by Johnson Research Group | August 23, 2013 7:41 am
We analyze short interest data from the exchanges as soon as it’s released every two weeks for one reason:
A recent report in the Wall Street Journal revealed that short sellers are having one of their worst years in a long time as the market’s trickle higher has squeezed the bears. But this bad news for hedge funds and other money managers that have been shorting the rally is good news for those investors that use this contrarian indicator to identify stocks ready to pop.
From our perspective, short interest is an effective indicator because it represents two variables that can drive a stock higher.
First, short interest data identifies when the crowd is growing too bearish toward a stock. It’s often said that the best time to buy is when everyone else is bearish — well, short data literally lets you see when the short selling crowd has reached an extreme, indicating that a stock might have reached a point where selling pressure has been exhausted and is ready to turn higher.
Short interest also is unique in that it represents an indication of potential buying pressure. The term “short squeeze” is commonly used to describe the phenomenon that often helps stocks continue with a parabolic climb.
The theory is simple … and painful for those on the wrong side of the trade. Short sellers borrow shares, then sell them with the intention of buying them back at a lower price. The problem comes when the shares go higher, not lower, and the short sellers get forced to cover their positions. The poetic justice of the short squeeze is that the same traders that were betting against a stock turn into the buyers that propel prices higher for the rest of us.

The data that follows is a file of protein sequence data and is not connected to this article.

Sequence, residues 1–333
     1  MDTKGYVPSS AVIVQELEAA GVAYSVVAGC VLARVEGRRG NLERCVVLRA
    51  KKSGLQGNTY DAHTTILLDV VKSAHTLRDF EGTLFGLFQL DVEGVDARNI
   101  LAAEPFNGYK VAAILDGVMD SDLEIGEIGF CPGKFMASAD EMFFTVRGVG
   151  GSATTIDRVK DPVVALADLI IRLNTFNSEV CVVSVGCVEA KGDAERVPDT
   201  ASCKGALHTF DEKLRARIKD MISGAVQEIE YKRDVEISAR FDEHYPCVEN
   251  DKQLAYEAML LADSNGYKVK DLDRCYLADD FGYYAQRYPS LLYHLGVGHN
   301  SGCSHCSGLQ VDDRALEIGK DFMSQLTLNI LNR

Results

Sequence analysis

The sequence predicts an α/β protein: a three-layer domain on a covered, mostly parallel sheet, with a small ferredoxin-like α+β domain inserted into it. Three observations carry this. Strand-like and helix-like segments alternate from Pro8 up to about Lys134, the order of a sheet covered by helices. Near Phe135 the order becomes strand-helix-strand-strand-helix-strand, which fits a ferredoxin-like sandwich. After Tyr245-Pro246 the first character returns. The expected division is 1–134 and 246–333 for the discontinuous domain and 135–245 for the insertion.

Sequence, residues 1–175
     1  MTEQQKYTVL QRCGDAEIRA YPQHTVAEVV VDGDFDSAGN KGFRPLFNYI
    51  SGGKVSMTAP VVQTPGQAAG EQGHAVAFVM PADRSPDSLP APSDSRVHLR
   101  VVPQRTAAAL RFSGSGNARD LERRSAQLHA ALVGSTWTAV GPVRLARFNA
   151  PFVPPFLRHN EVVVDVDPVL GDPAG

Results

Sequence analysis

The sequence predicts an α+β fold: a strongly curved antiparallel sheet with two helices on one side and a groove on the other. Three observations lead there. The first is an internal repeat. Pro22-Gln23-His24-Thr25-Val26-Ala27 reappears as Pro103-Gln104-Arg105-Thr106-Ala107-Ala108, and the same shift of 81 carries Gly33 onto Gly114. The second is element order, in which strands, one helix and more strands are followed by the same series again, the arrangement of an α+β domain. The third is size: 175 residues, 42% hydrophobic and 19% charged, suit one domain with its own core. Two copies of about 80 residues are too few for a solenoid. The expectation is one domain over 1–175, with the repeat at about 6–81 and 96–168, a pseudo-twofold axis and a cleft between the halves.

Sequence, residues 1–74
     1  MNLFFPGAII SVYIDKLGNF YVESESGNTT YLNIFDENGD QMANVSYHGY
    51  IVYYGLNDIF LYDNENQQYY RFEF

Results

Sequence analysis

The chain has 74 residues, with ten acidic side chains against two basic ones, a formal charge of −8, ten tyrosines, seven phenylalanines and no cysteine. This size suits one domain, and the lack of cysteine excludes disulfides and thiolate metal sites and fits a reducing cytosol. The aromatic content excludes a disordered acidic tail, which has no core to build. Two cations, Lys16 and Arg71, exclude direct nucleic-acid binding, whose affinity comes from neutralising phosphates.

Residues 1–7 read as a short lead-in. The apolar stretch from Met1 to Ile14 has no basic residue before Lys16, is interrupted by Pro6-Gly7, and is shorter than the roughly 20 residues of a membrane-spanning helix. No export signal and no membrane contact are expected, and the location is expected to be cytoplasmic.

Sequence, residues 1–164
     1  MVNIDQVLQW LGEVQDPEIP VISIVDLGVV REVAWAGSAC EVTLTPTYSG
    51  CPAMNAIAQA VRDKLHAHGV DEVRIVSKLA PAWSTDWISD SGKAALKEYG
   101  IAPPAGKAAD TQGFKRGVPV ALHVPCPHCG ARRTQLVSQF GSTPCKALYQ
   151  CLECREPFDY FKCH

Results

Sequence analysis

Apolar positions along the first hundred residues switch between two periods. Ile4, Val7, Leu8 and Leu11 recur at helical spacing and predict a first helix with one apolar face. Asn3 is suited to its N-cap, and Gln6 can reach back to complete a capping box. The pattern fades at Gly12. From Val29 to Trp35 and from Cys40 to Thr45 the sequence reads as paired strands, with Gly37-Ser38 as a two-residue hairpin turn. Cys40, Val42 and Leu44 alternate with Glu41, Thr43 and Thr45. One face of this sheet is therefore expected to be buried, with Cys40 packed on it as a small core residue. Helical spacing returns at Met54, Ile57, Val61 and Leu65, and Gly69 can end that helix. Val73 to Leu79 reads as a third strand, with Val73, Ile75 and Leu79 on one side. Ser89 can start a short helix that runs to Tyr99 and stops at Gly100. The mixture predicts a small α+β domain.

The Wall Street Journal said that “In the Russell 3000 index, the 100 most heavily shorted stocks are sharply outperforming the average returns of stocks in the index, according to a Journal analysis of data provided by S&P Capital IQ. The shorted stocks are up by an average of 33.8% through Aug. 16, versus 18.3% for all stocks in the index.”
Our own research shows that the most heavily shorted stocks in the S&P 500 (using average daily volume as a filter) in June outperformed the index more than twofold. The top 20 shorted stocks in the broader index returned an average 8.9% while the S&P 500 gained 3.9% for the same period. The least-shorted stocks underperformed the market by gaining slightly less than the S&P 500, returning only 3.4%.
So, simply put, our application of short interest analysis is this: We find heavily shorted stocks with healthy technical trends, then ride them to profits. Here are a few examples of our short squeeze calls from the past few months:
We’ll highlight another round of short squeeze plays in the next few days as we pore through the latest short interest data.
As of this writing, Johnson Research Group did not hold a position in any of the aforementioned securities.
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